WASHINGTON (Reuters) - Republicans in the House of Representatives on Thursday unveiled a plan that would avert a looming U.S. default, in a sign that lawmakers may end a standoff that has rattled financial markets and thrown America's future creditworthiness into question.
Ahead of a meeting with President Barack Obama, it was unclear whether Republicans would be willing to end a government shutdown that took effect on October 1 without concessions that would undermine Obama's signature healthcare law, a stance that precipitated the crisis.
Still, the offer to raise the debt ceiling is a significant shift for Republicans, who had hoped to extract concessions on spending and health care. By extending the government's borrowing authority through December, it would eliminate the near-term threat of a default that would hit everyone from retirees to bondholders.
"It's time for these negotiations and this conversation to begin," House Speaker John Boehner told reporters after presenting the plan to his fellow Republicans.
Obama has already said he is willing to consider a short-term debt ceiling increase as long as it is not tied to other concessions. Obama will take a look at the proposal, a White House official said. But the White House insisted that Republicans also must agree to end a government shutdown that took effect on October 1.
Many rank-and-file Republicans also appeared to be sceptical of the deal when Boehner presented it at a closed-door meeting on Thursday morning, aides said. Boehner's grip over his troops has been tenuous this year and many of the chamber's most conservative lawmakers have defied him repeatedly on other crucial votes.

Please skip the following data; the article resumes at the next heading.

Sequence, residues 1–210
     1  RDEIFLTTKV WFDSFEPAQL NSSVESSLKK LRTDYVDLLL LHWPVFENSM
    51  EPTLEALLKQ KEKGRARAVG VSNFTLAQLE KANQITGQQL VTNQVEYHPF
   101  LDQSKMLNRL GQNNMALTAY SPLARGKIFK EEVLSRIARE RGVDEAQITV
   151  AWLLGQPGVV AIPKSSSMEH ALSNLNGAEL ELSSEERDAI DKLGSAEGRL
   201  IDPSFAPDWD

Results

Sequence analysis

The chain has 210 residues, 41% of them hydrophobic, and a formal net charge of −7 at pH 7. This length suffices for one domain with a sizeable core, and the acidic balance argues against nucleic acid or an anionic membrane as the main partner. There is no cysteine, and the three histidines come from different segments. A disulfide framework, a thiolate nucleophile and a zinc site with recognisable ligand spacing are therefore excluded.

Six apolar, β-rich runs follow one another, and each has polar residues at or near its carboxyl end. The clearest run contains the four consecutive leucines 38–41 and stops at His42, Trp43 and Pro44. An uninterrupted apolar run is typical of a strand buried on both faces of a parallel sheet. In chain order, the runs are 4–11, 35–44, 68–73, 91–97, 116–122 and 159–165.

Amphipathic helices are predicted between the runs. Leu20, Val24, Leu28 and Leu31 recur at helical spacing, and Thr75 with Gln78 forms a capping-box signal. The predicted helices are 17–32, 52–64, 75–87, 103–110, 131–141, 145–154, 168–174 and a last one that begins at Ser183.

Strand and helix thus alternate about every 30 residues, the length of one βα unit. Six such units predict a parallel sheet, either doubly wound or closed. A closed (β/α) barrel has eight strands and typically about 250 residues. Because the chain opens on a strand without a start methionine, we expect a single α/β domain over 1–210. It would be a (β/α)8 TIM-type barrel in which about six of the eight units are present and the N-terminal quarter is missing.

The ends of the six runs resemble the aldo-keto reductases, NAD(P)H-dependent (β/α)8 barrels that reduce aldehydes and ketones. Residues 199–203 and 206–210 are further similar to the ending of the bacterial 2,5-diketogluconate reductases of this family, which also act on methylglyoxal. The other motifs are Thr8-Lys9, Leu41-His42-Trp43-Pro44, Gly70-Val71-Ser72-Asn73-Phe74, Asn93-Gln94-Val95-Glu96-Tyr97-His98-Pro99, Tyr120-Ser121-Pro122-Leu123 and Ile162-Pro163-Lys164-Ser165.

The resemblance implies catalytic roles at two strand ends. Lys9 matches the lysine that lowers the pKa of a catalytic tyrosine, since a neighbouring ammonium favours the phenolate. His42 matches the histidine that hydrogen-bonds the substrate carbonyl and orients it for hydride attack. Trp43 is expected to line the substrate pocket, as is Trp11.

Still, investors seemed to be heartened by the development. U.S. stocks rallied strongly with major indexes climbing more than 1 percent.
The Treasury Department says it will be unable to pay all of its bills if Congress does not raise the $16.7 trillion debt ceiling by October 17. Republicans say the Obama administration would be able to keep up with its bond payments at the expense of other obligations if that deadline was missed. Treasury Secretary Jack Lew said that's not possible.
"It would be chaos," he told the Senate Finance Committee.
The Republican plan would postpone that day of reckoning by six weeks, which would give them more time to seek spending cuts, a repeal of a medical-device tax, or other measures they say are needed to keep the national debt at a manageable level.
Democrats have called for a debt-ceiling hike that would extend government borrowing authority for more than a year.
The House could vote on the measures as early as Thursday afternoon, though timing remained unclear. House leaders cancelled a planned recess and said they would remain in Washington next week to keep working on the problem.
With the October 17 deadline a week away, Obama is scheduled to meet with House Republican leaders on Thursday afternoon. He is also due to meet separately with Senate Democrats and Senate Republicans.
The plan would do nothing to resolve Republican objections to Obama's healthcare reform bill, known as the Affordable Care Act, which prompted the October 1 shutdown.
Hundreds of thousands of federal employees have been out of work since then and individual businesses, from arms makers to motels, have begun to lay off workers as well.
The Labor Department said on Thursday that 15,000 private-sector workers have filed for unemployment benefits due to the shutdown.
House Republicans have passed bills that would reopen portions of the government and otherwise ease the pain of the shutdown, but they still hope to tie a full restoration of government funding to conditions that would undercut "Obamacare," as it is popularly known.